The army has launched a fraud investigation into the mysterious disappearance of an American contractor in Iraq and the killing of a co-worker shortly afterward, Defense officials tell TIME. On Oct. 9, 2003, Kirk von Ackermann, 37, was driving alone in northern Iraq when he pulled off the road with a flat tire and phoned the Kirkuk office of his employer--Ultra Services, based in Winters, Calif.--for help. A colleague arrived and found the car but not Von Ackermann. There were no bloodstains or bullet holes in the vehicle. And Von Ackermann didn't seem to be the victim of bandits because his computer, satellite phone and a briefcase containing $40,000 in cash were left in the car.

Two months later, north of Baghdad, gunmen in an SUV shot and killed Ryan Manelick, 31, another Ultra Services employee, and an Iraqi traveling with him by car. Manelick's father claims that his son had e-mailed him saying he suspected that colleagues at Ultra Services--whose website says it has done $14 million worth of business with the Pentagon--were involved in fraudulent activities with U.S. Army contracting officers. The Army's Criminal Investigation Command has confirmed that Manelick met with its investigators in Iraq but won't say what was discussed. TIME, however, has obtained an e-mail written by an Army investigator, who says Manelick visited her days before he died and said he was "fearful for his life." The e-mail doesn't say why.

The following from Agence France-Presse was fairly typical of wire reports recapping the Time and Chronicle articles.

US Army launches fraud probe in Iraq contractors' killing, disappearance: report by Andrew Hay, AFP, February 13, 2005
The US Army is investigating the killing in Iraq of a contractor who, according to his father, suspected that colleagues in his US-based company were involved in fraudulent activities with US Army contracting officers.

The murder of Ryan Manelick, 31, came two months after another Ultra Services employee, Kirk von Ackermann, 37, disappeared while driving alone in northern Iraq in 2003, Time magazine said.


Thursday, February 17, 2005

Ryan Manelick

The sudden death of Kirk von Ackermann's colleague, Ryan Manelick, received little press coverage outside of local media in the Lancaster, Pennyslvania area. On December 14, 2003, world attention was focused on the previous day’s discovery of Saddam Hussein in a hole in the ground.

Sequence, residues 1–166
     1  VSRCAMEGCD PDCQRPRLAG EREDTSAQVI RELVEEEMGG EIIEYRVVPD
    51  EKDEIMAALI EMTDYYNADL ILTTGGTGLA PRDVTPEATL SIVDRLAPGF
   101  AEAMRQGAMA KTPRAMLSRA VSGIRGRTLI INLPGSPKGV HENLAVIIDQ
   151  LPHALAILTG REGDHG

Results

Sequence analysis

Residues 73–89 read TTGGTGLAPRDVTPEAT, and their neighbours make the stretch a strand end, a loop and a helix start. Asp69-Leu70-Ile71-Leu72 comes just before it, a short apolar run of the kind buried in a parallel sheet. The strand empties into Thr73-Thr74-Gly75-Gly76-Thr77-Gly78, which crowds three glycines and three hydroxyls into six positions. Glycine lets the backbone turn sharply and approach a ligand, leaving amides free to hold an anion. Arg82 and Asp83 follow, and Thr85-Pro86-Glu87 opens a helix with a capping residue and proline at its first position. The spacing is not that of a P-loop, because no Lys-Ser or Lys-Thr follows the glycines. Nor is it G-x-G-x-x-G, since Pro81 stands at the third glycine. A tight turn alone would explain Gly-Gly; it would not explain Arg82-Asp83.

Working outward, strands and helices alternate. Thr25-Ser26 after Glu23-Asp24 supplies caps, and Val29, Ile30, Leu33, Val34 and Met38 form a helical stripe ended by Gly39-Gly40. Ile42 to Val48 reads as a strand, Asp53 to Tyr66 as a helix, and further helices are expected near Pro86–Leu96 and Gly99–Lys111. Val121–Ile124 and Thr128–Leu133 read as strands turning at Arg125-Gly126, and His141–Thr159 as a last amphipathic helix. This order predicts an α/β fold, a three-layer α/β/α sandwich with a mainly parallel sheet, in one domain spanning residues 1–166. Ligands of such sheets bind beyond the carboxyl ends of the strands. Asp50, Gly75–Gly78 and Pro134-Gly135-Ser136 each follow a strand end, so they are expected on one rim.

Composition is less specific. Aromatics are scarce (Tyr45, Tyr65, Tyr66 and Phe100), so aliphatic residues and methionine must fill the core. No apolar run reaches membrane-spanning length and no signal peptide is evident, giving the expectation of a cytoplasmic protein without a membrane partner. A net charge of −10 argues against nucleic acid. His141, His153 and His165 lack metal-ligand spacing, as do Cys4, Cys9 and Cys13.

In the history of Iraq, a dark and painful era is over. A hopeful day has arrived. All Iraqis can now come together and reject violence and build a new Iraq. – President Bush
Note: Over one year since the capture of Saddam Hussein, the violence has not abated. According to the U.S. inspector-general, since April 2003, 232 contractor employees have died in Iraq. (as of February 1, 2005) Ryan Manelick was one of those 232 contractor employees.

The first and longest article lists Ultra Services/Irex Corp. as Ryan Manelick's employer. It is the only known reference to Irex Corp. to date.

Family mourns CV grad killed in Iraq ambush by Cindy Stauffer Lancaster New Era, December 18, 2003
Ryan Manelick wanted to do something for his country.

So when the 1991 Conestoga Valley High School graduate got a job offer from a company that obtained supplies for the military in Baghdad, he took it.

"He thought that was what he was supposed to do with his life," his mother, Christine Welk of New Holland, said today.

On Sunday, Manelick, 31, was killed when the car in which he was riding was riddled with gunfire in a drive-by shooting outside a military base in Baghdad.

WLMI News Briefs, 11:00 AM, December 30, 2003
A Warren County native, 31-year old Ryan Manelick, has been killed in an ambush in downtown Baghdad. Manelick, who attended the Russell School before moving to the Lancaster area, was a civilian intelligence specialist.

Wednesday, February 16, 2005

Kirk von Ackermann

In the weeks that followed, various articles and references on the disappearance of Kirk von Ackermann were published. Some as short as one or two sentences, others a recap of the original article written by Colin Freeman. In a local paper, Half Moon Bay Review, the reporter had fun speculating von Ackermann was a spy, resulting in some angry letters to the editor.

The following article on another American contractor in Iraq contains a brief section on von Ackermann. It is fairly typical of wire reports published at the time.

U.S. Civilian Contractor Killed in Iraq, The Associated Press, Friday 14 November 2003